Dr. Brehob's years at Ford Motor Company provided him with many research opportunities. He co-authored one of the early seminal papers on the mechanisms leading to formation of pollutants from SI engines. He supervised the construction of a fleet of eight vehicles modified to show the fuel economy potential of various combustion and calibration alternatives. Dr. Brehob discovered the absorption/desorption secondary effect of lubricating oil on hydrocarbon (HC) emissions. He ran tests to show the importance of bore distortion and ring gap on HC emissions and explained the mechanisms involved. He developed a complete energy balance for the fuel input to an automotive engine. Via engine and chassis dynamometer testing, Dr. Brehob invented and demonstrated that the staged combustion concept could reduce the three exhaust emissions.
As an environmental regulation liaison with Ford Motor Company Dr. Brehob made an impact on emissions regulations. He developed presentations that were successful in persuading California to enact a less stringent NOx standard. Dr. Brehob testified before the EPA hearing panel in opposition to the allowance of Gasohol as an alternative to unleaded gasoline. Dr. Brehob also prepared and presented sworn testimony to the Federal Hearing Board on the implications of the original 1975 emission standards. He helped develop and present a Monte Carlo probability technique for predicting achievable emission levels that has been widely used by others.
Dr. Brehob's product development accomplishments while at Ford Motor Company were also noteworthy. From 1980-1982 he was responsible for completing the development and transferring technology to production for many systems in the fuel metering, exhaust treatment and controls areas. He also developed a central fuel-injection system for application to six-cylinder engines, the first U.S. design using two injectors in a single-bore throttle body. Dr. Brehob developed and transferred to the production group a fourth generation electronic engine control module, which included a novel custom-designed, integrated circuit chip that greatly increased calculation speed and accuracy. Dr. Brehob saved a projected $12 per vehicle by developing and transferring to production the first Ford low-pressure electronic fuel-injection system. And he achieved a savings of $5 per vehicle by developing and transferring a revised catalytic exhaust treatment system.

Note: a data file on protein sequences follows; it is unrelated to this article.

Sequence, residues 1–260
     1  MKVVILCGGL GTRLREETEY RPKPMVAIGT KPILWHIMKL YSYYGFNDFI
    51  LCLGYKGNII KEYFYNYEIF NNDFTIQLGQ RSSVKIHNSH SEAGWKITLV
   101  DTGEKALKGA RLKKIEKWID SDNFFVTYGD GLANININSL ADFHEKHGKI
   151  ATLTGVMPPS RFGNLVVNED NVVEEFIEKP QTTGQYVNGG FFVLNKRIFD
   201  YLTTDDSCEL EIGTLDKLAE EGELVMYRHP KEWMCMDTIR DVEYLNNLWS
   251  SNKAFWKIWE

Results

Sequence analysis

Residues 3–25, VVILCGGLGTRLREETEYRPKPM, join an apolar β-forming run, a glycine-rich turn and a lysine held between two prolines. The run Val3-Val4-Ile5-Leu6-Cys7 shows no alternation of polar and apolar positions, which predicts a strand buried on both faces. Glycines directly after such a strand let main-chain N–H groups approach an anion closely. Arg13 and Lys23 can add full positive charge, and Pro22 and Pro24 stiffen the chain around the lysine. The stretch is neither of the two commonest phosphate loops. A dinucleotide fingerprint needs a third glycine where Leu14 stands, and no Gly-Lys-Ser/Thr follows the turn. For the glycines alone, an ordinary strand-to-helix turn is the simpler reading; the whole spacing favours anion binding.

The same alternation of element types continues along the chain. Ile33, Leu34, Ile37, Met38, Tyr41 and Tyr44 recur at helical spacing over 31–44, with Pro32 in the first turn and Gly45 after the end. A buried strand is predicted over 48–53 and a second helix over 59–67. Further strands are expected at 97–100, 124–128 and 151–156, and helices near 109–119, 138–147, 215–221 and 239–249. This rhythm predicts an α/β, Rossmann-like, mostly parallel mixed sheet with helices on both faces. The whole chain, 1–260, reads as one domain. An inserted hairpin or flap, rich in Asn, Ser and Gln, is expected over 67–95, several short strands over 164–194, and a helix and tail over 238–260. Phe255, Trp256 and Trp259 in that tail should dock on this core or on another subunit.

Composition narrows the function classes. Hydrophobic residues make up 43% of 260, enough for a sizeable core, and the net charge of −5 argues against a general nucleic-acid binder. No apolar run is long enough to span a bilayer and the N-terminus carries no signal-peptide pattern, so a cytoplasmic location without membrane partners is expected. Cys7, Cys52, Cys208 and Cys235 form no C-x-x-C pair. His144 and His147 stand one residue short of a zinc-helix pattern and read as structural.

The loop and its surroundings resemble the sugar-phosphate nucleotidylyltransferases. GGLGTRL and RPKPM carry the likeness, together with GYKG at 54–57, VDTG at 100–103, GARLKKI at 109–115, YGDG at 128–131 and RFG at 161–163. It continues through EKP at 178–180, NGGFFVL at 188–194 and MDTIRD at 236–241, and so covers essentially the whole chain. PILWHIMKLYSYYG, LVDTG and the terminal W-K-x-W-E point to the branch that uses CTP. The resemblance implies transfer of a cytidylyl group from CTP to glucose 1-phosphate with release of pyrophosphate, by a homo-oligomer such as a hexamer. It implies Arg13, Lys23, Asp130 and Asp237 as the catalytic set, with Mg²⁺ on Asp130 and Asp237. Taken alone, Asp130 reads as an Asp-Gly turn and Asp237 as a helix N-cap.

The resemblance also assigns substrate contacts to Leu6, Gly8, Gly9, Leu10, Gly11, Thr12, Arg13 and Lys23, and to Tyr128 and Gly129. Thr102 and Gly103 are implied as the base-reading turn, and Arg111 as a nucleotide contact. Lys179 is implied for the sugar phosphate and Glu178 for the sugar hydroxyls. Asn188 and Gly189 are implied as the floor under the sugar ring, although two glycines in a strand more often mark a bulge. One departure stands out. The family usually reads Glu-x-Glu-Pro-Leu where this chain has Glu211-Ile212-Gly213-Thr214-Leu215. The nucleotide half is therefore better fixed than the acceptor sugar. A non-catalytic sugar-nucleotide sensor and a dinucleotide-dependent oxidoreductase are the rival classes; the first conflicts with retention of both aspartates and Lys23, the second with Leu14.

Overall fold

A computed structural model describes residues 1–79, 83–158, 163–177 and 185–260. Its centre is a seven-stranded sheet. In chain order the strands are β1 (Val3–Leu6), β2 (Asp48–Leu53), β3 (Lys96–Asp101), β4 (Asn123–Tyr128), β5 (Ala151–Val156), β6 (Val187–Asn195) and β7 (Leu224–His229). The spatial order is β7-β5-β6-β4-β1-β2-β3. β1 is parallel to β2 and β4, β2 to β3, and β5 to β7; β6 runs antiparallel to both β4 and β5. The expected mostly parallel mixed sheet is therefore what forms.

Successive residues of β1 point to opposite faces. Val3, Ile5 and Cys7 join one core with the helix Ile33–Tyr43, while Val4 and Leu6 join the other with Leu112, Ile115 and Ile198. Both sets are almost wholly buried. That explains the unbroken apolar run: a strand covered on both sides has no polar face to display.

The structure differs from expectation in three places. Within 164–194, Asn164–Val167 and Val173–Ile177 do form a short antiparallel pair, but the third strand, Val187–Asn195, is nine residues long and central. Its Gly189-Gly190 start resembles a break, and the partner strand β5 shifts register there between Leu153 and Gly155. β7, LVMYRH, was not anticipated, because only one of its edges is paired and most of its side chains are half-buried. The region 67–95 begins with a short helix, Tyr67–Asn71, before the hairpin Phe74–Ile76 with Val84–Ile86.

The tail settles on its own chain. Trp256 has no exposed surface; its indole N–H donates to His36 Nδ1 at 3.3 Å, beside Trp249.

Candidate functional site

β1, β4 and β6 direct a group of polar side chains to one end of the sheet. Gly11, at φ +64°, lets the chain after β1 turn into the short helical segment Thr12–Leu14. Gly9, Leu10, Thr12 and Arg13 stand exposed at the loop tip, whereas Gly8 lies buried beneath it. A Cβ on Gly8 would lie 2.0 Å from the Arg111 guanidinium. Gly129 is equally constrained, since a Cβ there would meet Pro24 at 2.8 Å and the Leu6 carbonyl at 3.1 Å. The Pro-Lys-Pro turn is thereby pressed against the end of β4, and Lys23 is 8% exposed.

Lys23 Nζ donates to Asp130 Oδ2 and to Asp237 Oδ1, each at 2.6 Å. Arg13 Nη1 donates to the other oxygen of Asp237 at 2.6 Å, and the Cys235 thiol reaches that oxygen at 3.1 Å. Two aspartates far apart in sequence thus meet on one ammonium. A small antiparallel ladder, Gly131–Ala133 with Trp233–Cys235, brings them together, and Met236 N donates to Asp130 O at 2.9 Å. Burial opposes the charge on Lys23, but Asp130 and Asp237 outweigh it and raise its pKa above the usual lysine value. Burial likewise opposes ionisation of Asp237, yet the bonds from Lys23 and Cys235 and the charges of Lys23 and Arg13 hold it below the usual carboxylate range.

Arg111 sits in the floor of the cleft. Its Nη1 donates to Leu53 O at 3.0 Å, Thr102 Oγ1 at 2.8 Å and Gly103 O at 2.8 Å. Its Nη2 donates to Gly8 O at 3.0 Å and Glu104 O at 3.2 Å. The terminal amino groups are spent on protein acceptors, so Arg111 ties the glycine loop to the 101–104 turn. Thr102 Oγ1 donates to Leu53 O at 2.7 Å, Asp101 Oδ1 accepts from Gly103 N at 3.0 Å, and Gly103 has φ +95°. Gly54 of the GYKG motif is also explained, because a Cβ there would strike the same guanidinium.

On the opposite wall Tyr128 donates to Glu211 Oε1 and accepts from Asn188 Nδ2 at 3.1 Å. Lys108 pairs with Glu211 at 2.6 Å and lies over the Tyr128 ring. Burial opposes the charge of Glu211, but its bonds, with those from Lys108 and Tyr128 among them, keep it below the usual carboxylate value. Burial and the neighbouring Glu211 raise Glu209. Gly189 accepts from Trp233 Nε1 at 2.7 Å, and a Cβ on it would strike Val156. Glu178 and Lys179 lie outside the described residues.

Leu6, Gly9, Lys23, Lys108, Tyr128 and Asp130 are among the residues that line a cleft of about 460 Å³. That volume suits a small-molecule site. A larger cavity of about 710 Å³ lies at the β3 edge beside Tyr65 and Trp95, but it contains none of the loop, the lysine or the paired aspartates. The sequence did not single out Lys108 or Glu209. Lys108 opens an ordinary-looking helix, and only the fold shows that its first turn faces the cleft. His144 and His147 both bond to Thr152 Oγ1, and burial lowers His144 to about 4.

While at Ford Motor Company, Dr. Brehob also developed advanced testing techniques. He used a recently developed technique of measuring instantaneous engine speed to discover an ignition system malfunction in a high-volume production vehicle. He also brought the company's first control system diagnostic test facility to operational status. The chassis dynamometer-based system identified numerous control strategy errors and component malfunctions.
Dr. Brehob is a member of the Society of Automotive Engineers (SAE) and the Readers Committee of SAE. He is also a member of the American Society of Mechanical Engineers (ASME). During his M.S. studies at Purdue University he was a recipient of the Ole Evinrude Fellowship. He was also a member of the Tau Beta Pi and Pi Tau Sigma honorary engineering fraternities. Some relevant publications by Dr. Brehob follow:
W.M. Brehob and D.D. Brehob. Fuel Efficiency and Response of Load Control Methods for Premixed Charge Engines. SAE Paper 910389, 1991.
W.M. Brehob. The 1986 National Intercollegiate Formula SAE Competition, SAE Paper 861304, 1986.
R.H. Borcherts, H.L. Stodler, W.M. Brehob, and J.E. Auiler. Improvements in Automotive Fuel Economy, American Association for the Advancement of Science, 1978.
R.E. Baker, W.M. Brehob, and E.E. Daby, Engine Calibration Strategies for Emission Control, Presented at TSC, D.o.T., 1975.
W.M. Brehob. Comparison of Computed to Actual Airflow and IMEP for Single Cylinder Engines, Ford Report PRM 66-18, 1966
W.M. Brehob and C. Chambers. Computer Simulation of a Four-Stroke Cycle Single-Cylinder Engine, Ford Report PR 65-11, 1965.